BETHLEHEM — Fatah, the largest faction of the Palestine Liberation Organization (PLO), is fighting for its very survival as the movement faces implosion and attacks from all sides. The issues have come to the fore at the sixth revolutionary council of the party that began in Bethlehem Tuesday.
Palestinian President Mahmoud Abbas (R) sits in front of a banner depicting the late leader Yasser Arafat as he addresses the Fatah congress in the West Bank town of Bethlehem August 4, 2009.Abbas opened his Fatah movement's first congress in 20 years on Tuesday, saying Palestinians sought peace with Israel but "resistance" would remain an option. REUTERS/Nayef Hashlamoun
Factional divisions, including a breakdown in communication between the older guard and the younger guard, Israel's imprisonment of over 200 Fatah members, and Hamas's refusal to allow members trapped in Gaza to attend the conference, have compromised the conference from the start.
Up until the last moment Fatah's electoral committee was divided over who should be allowed to attend. Eventually approximately 60 percent of the 2,000 plus delegate seats were reserved for Fatah members above 65 years of age, some returning from exile to attend.
Many of the older guard took up the Palestinian cause from surrounding Arab countries after they were forced to flee Palestine. There has been some tussle between them and the younger guard who honed their political skills during the First Intifadah from the late eighties to the early nineties.
"The younger guard wants to share power with the older guard. We live in the occupied Palestinian territories, and experienced the Intifadah first-hand," Hisham Dweikat, a Fatah youth leader from the northern West Bank city Qalqilia who spent five years in an Israeli jail, told IPS.
But Fathi Najjar, a senior leader who spent years in Jordan and Lebanon and who traveled from Tunis for the conference told IPS, "The younger generation lacks the experience of the older generation, especially in dealing with the international community."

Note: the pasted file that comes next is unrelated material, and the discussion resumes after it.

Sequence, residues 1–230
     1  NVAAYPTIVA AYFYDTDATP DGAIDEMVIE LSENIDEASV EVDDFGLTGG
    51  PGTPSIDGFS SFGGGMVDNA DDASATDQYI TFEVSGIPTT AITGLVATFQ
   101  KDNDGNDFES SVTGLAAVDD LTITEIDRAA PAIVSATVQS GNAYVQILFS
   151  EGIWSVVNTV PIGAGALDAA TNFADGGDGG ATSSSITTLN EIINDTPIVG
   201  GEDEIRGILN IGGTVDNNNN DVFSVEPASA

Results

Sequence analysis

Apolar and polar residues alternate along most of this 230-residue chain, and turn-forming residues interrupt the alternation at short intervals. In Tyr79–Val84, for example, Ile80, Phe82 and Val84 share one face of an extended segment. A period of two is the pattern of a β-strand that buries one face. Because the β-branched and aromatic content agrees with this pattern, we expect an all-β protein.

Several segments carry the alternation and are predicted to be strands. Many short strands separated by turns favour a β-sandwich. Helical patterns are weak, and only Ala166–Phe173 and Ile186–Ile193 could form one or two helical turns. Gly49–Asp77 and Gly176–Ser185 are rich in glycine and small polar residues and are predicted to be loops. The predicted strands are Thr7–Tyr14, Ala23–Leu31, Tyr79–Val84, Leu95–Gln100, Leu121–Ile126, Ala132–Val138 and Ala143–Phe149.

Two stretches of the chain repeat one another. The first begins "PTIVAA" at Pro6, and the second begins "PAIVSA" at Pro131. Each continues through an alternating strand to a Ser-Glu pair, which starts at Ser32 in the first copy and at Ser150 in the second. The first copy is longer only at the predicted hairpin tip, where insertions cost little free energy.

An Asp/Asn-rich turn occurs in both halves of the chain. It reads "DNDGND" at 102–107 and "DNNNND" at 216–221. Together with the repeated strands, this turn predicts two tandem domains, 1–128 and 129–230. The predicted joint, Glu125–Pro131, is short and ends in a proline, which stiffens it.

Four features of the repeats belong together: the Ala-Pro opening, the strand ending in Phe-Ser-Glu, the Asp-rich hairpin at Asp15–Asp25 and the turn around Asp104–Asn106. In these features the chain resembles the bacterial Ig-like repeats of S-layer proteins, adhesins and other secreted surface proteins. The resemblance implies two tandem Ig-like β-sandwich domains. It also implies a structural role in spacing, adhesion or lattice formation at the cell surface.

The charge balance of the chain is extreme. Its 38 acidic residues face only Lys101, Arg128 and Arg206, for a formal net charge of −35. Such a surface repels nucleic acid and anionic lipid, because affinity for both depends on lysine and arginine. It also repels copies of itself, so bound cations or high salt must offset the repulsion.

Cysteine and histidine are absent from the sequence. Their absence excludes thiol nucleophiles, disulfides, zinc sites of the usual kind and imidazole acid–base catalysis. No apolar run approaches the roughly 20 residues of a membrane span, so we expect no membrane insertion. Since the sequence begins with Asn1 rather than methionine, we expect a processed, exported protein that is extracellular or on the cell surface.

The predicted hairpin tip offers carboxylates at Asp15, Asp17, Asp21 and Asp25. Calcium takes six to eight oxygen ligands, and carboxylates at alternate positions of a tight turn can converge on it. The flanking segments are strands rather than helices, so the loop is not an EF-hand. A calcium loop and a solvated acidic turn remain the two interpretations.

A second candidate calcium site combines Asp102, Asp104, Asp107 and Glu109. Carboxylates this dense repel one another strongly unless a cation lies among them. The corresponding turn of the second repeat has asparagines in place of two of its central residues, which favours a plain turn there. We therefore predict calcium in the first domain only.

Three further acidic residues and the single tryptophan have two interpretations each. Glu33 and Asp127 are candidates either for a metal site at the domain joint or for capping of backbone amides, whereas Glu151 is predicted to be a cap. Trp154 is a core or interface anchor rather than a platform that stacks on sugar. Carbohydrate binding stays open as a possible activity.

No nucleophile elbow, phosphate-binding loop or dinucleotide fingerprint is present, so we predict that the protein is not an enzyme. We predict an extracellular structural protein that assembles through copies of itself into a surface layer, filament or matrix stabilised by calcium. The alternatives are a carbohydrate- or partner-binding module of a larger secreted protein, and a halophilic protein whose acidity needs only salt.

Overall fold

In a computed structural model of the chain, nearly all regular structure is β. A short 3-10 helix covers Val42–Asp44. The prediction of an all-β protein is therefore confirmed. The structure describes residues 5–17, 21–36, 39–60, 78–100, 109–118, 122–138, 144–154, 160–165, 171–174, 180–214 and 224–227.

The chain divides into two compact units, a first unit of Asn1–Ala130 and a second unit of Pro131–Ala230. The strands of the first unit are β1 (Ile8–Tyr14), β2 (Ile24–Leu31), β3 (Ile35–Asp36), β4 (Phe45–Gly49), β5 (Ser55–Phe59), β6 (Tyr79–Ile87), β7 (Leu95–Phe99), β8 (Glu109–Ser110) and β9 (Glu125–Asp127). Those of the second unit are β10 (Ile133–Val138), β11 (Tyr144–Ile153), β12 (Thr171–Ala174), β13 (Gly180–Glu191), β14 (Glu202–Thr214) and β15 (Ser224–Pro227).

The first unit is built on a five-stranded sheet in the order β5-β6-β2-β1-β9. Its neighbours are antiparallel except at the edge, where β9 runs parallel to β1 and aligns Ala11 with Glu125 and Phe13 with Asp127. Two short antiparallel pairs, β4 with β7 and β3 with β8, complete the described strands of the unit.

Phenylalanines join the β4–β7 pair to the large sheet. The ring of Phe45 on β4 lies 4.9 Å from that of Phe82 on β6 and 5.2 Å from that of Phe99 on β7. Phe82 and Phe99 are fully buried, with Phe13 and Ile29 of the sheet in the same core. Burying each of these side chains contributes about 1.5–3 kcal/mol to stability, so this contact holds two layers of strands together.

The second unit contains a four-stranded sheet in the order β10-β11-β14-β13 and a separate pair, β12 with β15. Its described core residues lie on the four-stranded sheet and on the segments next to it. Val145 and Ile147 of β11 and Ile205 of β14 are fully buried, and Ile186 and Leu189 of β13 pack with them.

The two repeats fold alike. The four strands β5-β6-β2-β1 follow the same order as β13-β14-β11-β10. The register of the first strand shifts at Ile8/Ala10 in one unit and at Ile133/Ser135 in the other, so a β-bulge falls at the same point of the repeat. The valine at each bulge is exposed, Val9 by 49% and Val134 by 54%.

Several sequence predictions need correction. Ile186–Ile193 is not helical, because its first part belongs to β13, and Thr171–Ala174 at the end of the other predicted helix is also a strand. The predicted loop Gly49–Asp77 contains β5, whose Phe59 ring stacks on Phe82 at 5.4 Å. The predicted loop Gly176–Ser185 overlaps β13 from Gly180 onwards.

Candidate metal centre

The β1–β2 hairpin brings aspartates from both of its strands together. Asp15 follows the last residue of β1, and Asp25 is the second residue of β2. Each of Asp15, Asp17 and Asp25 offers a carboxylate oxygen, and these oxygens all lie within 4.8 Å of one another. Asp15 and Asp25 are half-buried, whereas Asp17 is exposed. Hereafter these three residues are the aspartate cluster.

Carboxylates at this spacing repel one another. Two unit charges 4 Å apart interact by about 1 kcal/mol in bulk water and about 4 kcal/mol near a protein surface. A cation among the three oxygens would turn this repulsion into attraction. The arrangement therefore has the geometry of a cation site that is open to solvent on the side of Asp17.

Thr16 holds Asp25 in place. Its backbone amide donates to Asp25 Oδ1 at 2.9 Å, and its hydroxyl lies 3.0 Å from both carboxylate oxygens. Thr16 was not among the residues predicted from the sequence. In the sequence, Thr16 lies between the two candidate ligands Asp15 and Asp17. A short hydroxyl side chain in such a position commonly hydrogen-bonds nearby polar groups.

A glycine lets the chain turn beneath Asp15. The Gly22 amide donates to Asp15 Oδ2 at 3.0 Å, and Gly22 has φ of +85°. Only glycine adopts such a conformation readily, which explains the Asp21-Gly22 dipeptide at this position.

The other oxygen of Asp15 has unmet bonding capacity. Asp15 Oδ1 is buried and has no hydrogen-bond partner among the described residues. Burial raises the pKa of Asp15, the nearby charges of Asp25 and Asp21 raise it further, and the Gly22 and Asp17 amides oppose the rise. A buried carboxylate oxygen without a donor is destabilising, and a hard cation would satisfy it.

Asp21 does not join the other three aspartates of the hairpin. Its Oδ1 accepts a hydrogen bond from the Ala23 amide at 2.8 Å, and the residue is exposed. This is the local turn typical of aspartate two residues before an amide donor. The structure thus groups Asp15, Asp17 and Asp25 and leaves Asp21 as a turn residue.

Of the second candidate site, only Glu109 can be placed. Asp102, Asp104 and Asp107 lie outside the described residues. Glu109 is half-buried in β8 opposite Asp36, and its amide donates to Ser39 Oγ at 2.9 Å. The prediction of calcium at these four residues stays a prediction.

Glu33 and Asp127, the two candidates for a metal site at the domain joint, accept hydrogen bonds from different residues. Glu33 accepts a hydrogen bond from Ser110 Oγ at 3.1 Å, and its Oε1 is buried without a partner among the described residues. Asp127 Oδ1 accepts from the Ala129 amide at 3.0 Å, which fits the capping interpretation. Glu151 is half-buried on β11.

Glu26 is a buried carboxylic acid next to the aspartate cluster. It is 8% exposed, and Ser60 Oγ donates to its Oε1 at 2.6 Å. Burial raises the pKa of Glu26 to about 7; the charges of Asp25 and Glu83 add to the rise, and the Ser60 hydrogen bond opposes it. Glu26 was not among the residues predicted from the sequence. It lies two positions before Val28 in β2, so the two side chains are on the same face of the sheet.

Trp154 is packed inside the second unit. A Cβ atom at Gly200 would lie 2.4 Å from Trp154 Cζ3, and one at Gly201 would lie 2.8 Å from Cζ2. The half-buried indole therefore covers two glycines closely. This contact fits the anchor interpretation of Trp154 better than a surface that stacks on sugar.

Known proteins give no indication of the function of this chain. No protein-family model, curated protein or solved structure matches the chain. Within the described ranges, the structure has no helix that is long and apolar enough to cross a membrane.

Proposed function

On Wednesday Fatah delegates closed the conference to the media to discuss contentious issues, including the possibility of resumption of a limited armed struggle against Israel.
Some Palestinians argue that a limited return to armed struggle is legitimate in the face of lack of progress on the ground over Israel's continued settlement building on Palestinian land, and its expropriation of Palestinian natural resources.
Others say the only hope for establishment of a Palestinian state is negotiating with Israel despite Israel's continual violation of international law in regard to Palestinian rights.
This division has left the PA in a precarious position. In order to continue receiving economic support and regional and international legitimacy, PA President Mahmoud Abbas sees no alternative to negotiations with Israel, albeit on U.S. terms. The U.S. still considers Israel its main regional ally.
Many Palestinians see the PA as Israel's quasi militia in the region which is forced to bear responsibility for the security of Israel's illegal settlers in the West Bank, and for keeping Hamas resistance in check while getting nothing concrete in return.
But Fatah is not giving up without a fight. On Friday delegates in Bethlehem will hold elections for new central and revolutionary committees which could breathe new life into the organization.
"We are working hard to ensure Fatah's survival to ensure a more equitable distribution of power and a more unified front to confront our enemies," Dweikat told IPS.
"We mean business," chief Palestinian Authority negotiator and Fatah member Saeb Erekat told IPS. "There are a lot of important issues to be discussed, and it is vital that Fatah establishes a new agenda and a consensus on the path ahead."
Fatah's last revolutionary council was held in exile in Tunis in 1989. Fatah was formed in 1958, and joined the PLO in 1967. Many Fatah members belong to the PA, which was established in the wake of the Oslo Peace Accords of 1993.
Meanwhile Israeli security head Avi Dichter has warned that a new platform being adopted by Fatah, calling for resumption of a limited armed struggle against Israel, could be the precedent to a third Palestinian Intifadah.